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How to Improve at Bad Golf Shots Most Golfers Hit

CASARES, SPAIN - MAY 20: Graeme McDowell of Northern Ireland shows his frustration after his second shot on the 16th hole during the Final on Day Four of the Volvo World Match Play Championship at Finca Cortesin on May 20, 2012 in Casares, Spain. (Photo by Andrew Redington/Getty Images)

Let’s face it, not every golf swing is going to be perfect. The best we can do is practice good technique to avoid a bad shot.

The Whiff

Before you can even have a bad shot, you actually have to hit the ball. Don’t worry if you’re striking out though, everyone deals with this at some point. Keep your eye on the ball. Sometimes we get a little too excited to hit the ball that we lose focus and completely miss our target.

Keep your back foot steady and let your arms follow through, and you should avoid this shot. These are some of the most common types of bad shots that golfers experience. Practicing the proper technique can help you avoid these, but it won’t eliminate them.

If you’re constantly having trouble with any of these shots, go back to the beginning and practice the proper techniques.

Fat Shot

A fat shot is when you’re hitting the ground before the ball. But hey, at least you’re starting to hit something! It’s progress at the very least.

It’s really a simple fix for this: move the point of contact in your swing a little further forward. A good exercise for this is to put something in front of the tee, and just simply practice until you don’t hit it anymore.

Topping

Congratulations! You’ve finally made contact. Unfortunately, it was only the top of the ball and it just dribbled for a few yards before it died.  This is always frustrating even for the most experienced players.

Many people top their ball because swing bottoms out too early, and they get the ball on the way up. Fixing this comes in the form of moving forward on your swing. Get your hip out in front of your foot when you hit the ball.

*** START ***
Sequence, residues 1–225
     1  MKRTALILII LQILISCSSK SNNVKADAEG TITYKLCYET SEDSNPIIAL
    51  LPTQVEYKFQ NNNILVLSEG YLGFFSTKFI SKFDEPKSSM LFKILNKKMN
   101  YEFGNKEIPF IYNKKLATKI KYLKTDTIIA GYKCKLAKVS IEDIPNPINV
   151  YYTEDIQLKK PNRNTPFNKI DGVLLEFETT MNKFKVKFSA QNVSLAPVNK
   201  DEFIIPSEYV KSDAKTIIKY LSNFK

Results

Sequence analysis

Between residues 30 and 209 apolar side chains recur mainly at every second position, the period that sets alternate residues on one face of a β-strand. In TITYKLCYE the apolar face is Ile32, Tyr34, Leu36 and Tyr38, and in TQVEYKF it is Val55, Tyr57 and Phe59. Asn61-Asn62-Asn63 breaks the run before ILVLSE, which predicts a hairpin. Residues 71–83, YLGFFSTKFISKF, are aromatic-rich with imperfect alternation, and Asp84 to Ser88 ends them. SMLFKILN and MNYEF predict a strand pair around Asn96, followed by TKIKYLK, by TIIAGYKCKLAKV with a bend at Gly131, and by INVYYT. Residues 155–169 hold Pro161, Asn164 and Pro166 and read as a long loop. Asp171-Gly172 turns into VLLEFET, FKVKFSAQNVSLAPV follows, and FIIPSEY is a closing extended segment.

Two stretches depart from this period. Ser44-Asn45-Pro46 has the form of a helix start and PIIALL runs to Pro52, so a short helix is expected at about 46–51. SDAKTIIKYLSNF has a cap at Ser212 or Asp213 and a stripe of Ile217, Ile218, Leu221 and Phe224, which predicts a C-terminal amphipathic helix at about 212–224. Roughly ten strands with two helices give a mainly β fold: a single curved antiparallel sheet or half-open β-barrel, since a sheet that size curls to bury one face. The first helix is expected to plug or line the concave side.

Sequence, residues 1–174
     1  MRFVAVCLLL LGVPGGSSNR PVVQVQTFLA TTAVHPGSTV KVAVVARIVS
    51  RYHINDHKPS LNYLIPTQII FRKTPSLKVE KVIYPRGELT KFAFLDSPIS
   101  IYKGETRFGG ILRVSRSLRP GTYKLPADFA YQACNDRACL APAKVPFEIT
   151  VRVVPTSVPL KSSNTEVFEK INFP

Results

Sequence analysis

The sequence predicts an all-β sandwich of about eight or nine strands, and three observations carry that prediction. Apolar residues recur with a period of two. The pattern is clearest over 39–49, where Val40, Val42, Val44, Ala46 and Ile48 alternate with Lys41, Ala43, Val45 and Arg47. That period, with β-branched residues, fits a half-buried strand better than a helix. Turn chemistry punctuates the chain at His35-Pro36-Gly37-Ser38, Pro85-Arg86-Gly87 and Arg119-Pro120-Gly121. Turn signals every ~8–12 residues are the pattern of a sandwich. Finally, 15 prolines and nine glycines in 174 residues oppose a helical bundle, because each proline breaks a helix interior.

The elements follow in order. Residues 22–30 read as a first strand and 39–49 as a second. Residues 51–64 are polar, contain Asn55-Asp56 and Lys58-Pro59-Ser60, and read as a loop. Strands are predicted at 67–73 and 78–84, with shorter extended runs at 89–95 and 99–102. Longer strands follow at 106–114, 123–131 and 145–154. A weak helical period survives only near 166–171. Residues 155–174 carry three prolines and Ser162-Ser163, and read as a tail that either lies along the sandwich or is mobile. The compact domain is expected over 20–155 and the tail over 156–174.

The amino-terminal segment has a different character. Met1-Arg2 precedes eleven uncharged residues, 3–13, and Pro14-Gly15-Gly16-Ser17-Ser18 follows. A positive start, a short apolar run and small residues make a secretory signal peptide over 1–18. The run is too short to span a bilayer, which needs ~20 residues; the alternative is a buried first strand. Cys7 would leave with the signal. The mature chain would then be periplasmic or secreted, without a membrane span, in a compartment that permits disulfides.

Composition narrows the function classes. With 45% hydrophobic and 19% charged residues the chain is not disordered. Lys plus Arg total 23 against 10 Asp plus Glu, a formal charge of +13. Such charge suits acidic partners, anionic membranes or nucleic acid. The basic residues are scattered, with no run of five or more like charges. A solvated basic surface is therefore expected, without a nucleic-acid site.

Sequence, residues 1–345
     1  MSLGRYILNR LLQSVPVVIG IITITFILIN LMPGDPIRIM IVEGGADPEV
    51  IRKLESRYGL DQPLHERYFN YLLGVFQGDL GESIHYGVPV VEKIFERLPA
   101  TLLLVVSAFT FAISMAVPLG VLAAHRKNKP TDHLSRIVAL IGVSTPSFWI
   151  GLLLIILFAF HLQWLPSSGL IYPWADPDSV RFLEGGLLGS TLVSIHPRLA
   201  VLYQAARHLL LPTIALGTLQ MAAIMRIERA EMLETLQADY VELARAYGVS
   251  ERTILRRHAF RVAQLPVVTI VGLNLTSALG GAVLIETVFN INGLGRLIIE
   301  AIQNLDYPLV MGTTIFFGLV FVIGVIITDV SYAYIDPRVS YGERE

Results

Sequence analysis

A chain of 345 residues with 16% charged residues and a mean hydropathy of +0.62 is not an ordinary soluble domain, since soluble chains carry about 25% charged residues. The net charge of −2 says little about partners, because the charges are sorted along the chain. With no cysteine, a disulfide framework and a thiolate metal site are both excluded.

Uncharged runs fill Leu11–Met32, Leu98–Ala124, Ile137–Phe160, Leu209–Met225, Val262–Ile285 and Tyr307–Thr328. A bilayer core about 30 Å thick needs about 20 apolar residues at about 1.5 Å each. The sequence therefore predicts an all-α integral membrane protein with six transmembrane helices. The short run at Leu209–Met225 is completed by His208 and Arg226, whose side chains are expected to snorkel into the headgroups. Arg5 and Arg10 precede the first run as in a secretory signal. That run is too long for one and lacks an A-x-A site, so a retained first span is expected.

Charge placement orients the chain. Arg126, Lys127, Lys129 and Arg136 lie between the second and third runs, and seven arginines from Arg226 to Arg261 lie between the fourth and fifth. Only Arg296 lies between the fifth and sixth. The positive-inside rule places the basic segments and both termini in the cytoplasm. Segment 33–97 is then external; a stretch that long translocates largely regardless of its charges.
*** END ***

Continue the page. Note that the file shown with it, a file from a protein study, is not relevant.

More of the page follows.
Slice and Hook

A slice is when the ball veers off to the right after impact. This mainly happens because your club face is open when you strike the ball. If you can see the hair on your left arm as you’re hitting the ball, there’s a decent chance that it can slice.

A good fix for this is as you swing, you rotate your left arm (if you’re right handed) so that your forearm is facing upwards. This allows you to finish your swing all the way through and release your club. A hook is somewhat of the same thing as a slice, except that the ball veers off to the left. This happens when your club face is closed, and you strike the outside of the ball.

Focus on hitting the ball more on the inside, and you should be able to stop all that hooking.

Push and Pull

Those familiar with baseball should already know what happens when you push or pull a ball. In baseball however, there’s sometimes some strategy behind the push or the pull. In golf, it’s just a mistake.

A push is just a shot that has no shame. It doesn’t trick you like the slice does when it heads to the right. It goes right and stays right.

This happens when the path of your club hitting the ball is to the right and you hit the ball dead on. Unlike the slice and the hook, there isn’t a problem with the club face when you push the ball. It’s mainly a swinging problem.

A good way to fix this is to have a few practice swings that are exaggerated to the left. This will somewhat “balance” out your swing and allow you to start hitting the ball correctly again. When you pull a ball, it’s essentially the same as a push, just to the opposite side.

This happens when you get a little too excited a try to hit a home run with a golf ball. You’re trying to hit the ball a little too hard and swing a little far out and then come in.

To avoid this, keep your shoulder back on your swing. Don’t lead or bring it around with your swing.

Written by BP Staff

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